music friday: walk-up music

Here are some of the songs used as walk-up music for Giants players. I’ll use the starting lineup on Opening Day, at least the guys whose songs are listed on the team website (to be honest, I think it’s a little outdated).

Denard Span: Fabolous, “Ball Drop

Buster Posey: Brantley Gilbert, “Hell on Wheels

Hunter Pence: White Zombie, “More Human Than Human

 

Brandon Belt: Jay-Z, “99 Problems

Brandon Crawford: Elle Goulding, “Burn

Jake Peavy: Bruce Springsteen, “Badlands

Angel Pagan: Calle 13, “Baile de los Pobres

 

Let’s toss in pinch-hitter Gregor Blanco: Nova y Jory, “Aprovecha

 

A favorite at our house, the music that is played when pitcher Sergio Romo enters the game: Banda MS, “El Mechon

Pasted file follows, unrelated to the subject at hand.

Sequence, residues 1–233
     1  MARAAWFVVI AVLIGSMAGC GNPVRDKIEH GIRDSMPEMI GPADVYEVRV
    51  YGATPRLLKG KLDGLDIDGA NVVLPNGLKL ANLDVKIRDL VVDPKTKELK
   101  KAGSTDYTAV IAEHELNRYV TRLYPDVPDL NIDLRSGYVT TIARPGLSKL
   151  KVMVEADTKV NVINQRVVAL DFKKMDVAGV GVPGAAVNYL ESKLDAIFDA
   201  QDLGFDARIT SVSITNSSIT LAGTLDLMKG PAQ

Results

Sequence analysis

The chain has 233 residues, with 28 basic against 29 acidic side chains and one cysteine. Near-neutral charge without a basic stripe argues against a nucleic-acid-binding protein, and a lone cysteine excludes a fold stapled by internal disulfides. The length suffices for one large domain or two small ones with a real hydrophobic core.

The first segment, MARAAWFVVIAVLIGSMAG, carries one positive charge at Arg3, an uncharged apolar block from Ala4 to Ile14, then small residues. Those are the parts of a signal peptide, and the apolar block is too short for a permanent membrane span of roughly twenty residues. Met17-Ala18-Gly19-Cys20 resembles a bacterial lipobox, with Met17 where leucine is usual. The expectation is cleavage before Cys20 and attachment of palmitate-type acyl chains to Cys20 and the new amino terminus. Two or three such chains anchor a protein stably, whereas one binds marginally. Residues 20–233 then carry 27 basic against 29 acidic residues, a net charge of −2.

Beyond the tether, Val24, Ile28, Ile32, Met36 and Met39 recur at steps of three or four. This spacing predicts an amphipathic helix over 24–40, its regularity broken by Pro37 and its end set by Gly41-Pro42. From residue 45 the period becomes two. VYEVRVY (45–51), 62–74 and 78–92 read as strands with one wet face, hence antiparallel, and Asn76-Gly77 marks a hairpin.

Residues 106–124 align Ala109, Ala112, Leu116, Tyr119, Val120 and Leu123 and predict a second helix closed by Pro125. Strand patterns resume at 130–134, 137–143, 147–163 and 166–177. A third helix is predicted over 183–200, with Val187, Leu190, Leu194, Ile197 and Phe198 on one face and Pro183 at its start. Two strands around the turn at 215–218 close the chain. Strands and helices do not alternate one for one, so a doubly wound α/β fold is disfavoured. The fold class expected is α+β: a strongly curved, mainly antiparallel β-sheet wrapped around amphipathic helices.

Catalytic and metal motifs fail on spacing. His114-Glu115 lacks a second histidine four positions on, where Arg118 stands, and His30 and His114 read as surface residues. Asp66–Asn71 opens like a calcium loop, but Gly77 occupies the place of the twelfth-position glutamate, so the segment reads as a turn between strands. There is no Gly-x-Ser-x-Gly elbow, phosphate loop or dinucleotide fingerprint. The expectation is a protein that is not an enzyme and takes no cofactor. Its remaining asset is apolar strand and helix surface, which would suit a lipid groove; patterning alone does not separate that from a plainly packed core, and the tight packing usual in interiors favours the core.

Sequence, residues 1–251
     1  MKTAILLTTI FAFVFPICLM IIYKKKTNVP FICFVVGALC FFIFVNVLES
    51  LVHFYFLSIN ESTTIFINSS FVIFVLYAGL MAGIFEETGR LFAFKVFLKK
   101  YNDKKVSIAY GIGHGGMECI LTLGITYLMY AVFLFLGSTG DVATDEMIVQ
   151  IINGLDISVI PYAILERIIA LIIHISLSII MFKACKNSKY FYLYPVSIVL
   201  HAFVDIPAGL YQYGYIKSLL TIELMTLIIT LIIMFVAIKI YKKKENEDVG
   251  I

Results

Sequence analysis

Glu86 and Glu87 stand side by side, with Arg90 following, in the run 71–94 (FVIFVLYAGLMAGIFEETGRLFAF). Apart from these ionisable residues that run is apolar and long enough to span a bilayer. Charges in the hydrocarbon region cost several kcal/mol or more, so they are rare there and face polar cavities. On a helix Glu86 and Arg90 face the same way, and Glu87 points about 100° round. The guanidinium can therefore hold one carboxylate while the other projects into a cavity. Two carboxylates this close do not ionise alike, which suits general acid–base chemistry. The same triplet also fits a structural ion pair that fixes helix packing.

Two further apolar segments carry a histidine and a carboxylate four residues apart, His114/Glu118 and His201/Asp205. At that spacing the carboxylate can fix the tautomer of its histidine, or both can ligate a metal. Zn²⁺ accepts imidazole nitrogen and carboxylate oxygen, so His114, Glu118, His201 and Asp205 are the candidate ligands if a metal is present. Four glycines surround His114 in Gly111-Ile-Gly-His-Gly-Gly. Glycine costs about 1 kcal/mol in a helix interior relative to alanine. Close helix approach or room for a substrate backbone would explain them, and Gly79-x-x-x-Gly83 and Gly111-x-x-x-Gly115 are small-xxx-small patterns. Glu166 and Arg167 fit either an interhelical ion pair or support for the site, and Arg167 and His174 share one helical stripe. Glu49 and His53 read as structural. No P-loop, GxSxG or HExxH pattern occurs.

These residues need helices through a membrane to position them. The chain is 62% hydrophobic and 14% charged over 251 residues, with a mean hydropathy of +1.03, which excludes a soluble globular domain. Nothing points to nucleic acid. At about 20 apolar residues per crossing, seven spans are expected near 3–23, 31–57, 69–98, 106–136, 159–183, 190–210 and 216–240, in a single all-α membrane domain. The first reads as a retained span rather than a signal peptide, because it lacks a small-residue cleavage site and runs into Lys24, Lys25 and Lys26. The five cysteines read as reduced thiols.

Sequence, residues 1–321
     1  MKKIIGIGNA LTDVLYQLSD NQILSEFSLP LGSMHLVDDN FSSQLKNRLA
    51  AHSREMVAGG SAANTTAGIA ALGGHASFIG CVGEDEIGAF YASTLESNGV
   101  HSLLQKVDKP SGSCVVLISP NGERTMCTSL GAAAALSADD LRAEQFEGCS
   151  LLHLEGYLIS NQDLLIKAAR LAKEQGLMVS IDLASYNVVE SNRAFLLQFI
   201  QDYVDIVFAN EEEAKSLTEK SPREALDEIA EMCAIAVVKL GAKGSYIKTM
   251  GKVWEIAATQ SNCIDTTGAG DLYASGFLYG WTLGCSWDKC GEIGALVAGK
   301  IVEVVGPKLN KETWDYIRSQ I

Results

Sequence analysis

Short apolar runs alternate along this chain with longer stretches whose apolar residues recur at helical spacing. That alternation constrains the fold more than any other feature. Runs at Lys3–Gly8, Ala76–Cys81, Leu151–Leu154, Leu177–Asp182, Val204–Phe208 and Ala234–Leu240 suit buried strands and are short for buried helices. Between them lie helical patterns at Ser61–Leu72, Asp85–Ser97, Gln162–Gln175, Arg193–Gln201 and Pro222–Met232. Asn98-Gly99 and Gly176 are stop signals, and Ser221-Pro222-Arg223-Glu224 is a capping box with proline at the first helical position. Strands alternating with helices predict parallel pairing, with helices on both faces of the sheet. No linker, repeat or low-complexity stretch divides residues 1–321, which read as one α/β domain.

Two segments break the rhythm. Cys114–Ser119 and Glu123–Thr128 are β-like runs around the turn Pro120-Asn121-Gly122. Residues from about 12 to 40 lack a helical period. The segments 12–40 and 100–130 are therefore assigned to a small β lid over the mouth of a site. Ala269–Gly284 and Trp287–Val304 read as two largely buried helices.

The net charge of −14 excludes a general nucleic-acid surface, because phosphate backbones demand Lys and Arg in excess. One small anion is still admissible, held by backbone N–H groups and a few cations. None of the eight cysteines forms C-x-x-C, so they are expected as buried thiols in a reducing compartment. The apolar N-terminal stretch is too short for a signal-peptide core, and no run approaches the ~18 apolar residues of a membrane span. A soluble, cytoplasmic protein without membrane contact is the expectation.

And finally, this is played after every Giants home win:


throw me out to the ballgame

I have no idea what I can say at this point that adds anything to what I’ve said before. I went to my first Giants Opening Day in 1980, and I haven’t missed an opener since. Today will be my 37th consecutive such game. At times, I kinda wish I’d missed a game in there, just so I could just enjoy the game for what it is, and not for the record I am continuing.

Oh, who am I kidding? It’s fun running up such a silly streak.

As I have often done, here are a few of the highlights of the past 36 years.

April 17, 1980. My first opening day. I had a broken foot. The Giants beat the Padres, Vida Blue pitched a complete game.

April 5, 1983. Still probably the most exciting opener I’ve seen. Mike Krukow couldn’t get out of the second inning, the Padres put up 8 runs in the fifth, and when the Giants responded with 3 runs in the bottom of the inning, the Padres got them right back in the top of the 6th to take a 16-6 lead. Yet by the bottom of the 8th, the Giants had the tying run at the plate, Tom O’Malley. That’s when the dream ended, as O’Malley flied out and the Giants were retired in order in the ninth for a 16-13 loss.